Vat Registration

If you’re subbing out enough work for it to make a difference to you whether your subbies are VAT registered or not how can your turnover possibly be under the VAT registration threshold anyway?

It never fails to amaze me the number of people on here who I KNOW are operating more than one vehicle & driver, yet there’s no VAT on the invoice when it arrives. How can you possibly run more than one vehicle and turn over less than £1300 per week? Even if your turnover is that low WHY would you want to pay two lots of running costs without claiming back the VAT?

Something I prepared last time this question came up: Should I be VAT Registered?

Posted under VAT

Posted by Alec at 8:53 am, April 8, 2008

8 Comments so far

  1. Alec added on  April 8th, 2008 at 17:23

    There are some complications to the FRS if you do European work. For example if you book your ferries and pay without VAT because you’re invoiced from France then you’d have to calculate the VAT on the ferry charge at UK rates and account for it on your return – so a £100 fare would mean you’d have to pay an extra £17.50 to the vatman.

  2. Alec added on  April 10th, 2008 at 22:09

    It’s the end cost that makes the difference Martin, not whether you (or they) are VAT registered or not.

    If I’m VAT registered your £1.00/mile is the same to me whether you’re registered or not.

    If I’m not VAT registered then your 85p/mile plus VAT costs me the same as A.N.Other’s £1.00/mile with no VAT.

    Conversely if I’m VAT registered and you’re not then you might find it harder to match the rate of the VAT registered guy – since he’s got a lower cost base than you because he can claim his VAT back.

  3. Alec added on  April 11th, 2008 at 08:01

    Mike, the point I was making about the ferry scenario is that under normal circumstances, as you say, you’d do a reverse charge for the VAT and then claim it back – 1 minute’s paperwork and £0 extra VAT liability.

    If you’re on the FRS though you’d still have to do the reverse charge but you can’t claim back the input to offset it. Your £100 ferry fare would attract an extra £17.50 VAT liability which you couldn’t offset.

    Similarly if you carried out work for companies registered for VAT in other EU countries and you invoiced them without VAT, as you’re meant to, then if you were registered under the FRS you’d still incur a liability of 9% on the sale even though you hadn’t received the 17.5%. In fact it’s possible (I’d need to check this, but it makes sense) that you’d be liable for 9% of the sale AND 9% of the 17.5% you didn’t charge. So a £100 sale attracts a liability of £10.58 even though you didn’t charge VAT on it.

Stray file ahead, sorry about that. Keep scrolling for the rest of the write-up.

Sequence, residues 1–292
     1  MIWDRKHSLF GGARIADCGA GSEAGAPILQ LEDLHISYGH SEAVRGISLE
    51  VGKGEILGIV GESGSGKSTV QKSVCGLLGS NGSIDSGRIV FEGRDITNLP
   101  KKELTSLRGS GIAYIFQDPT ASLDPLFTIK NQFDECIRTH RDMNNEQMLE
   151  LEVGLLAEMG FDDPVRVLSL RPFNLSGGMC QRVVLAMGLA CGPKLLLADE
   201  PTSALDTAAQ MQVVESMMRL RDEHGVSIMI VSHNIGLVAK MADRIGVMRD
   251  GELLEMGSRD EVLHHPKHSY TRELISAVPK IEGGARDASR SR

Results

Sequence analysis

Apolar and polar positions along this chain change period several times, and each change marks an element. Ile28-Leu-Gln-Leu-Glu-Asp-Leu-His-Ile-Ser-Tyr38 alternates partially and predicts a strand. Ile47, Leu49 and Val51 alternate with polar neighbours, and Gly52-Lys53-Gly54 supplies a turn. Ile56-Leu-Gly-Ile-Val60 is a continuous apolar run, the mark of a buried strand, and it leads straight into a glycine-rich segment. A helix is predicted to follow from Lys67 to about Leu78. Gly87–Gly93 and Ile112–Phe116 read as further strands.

Obviously the FRS might be wrong for anyone that does a lot of work into Europe, or a lot of work for European customers.

  4. Alec added on  April 11th, 2008 at 08:27

    9% of your TURNOVER, including VAT.
    You charge £100+VAT for a job = £117.50. You then owe the VAT man £10.58.

    You make £6.92 (or 6 litres of diesel) profit for doing nothing.

    Ignore the Europe thing if it doesn’t apply – it’ll only give you a headache anyway.

  5. Alec added on  April 11th, 2008 at 08:37

    How does being VAT registered make any difference to claiming Tax Credits?

    Wonderful logic as ever Jeremy. You could achieve the same just by charging less, or doing less work, or buying a new van every 6 months, or working for TNT. Whichever way you did it you’d still be doing more work for the same money if you’re not VAT registered.

    The Tax Credit earner was to do with mileage allowances, not VAT.

  6. Alec added on  April 11th, 2008 at 09:06

    You’d need to be turning over less than £150,000 anyway Mark.

    The main drawback though is that you can’t claim back the VAT on your purchases except for capital items costing over £2,000.

  7. Alec added on  April 11th, 2008 at 14:37

    Offset against his taxable profit yes, not offset against the tax payable.

    That’s like saying it’s OK to pay an extra 17.5% for everything because it lowers your profits and keeps your tax bill down. It might be true but it’s a bloody stupid way of looking at it.

  8. Alec added on  April 11th, 2008 at 16:06

    £100 (not VAT reg), subbed out for £70 plus VAT (82.25) = £17.75 profit.

    £100 plus VAT (on normal VAT), subbed out for £70 plus VAT = £30 profit.

    £100 plus VAT (on Flat Rate Scheme), subbed out for £70 plus VAT = £24.68 profit.

    I think. Maybe Professor Smith could check my work when he wakes up?

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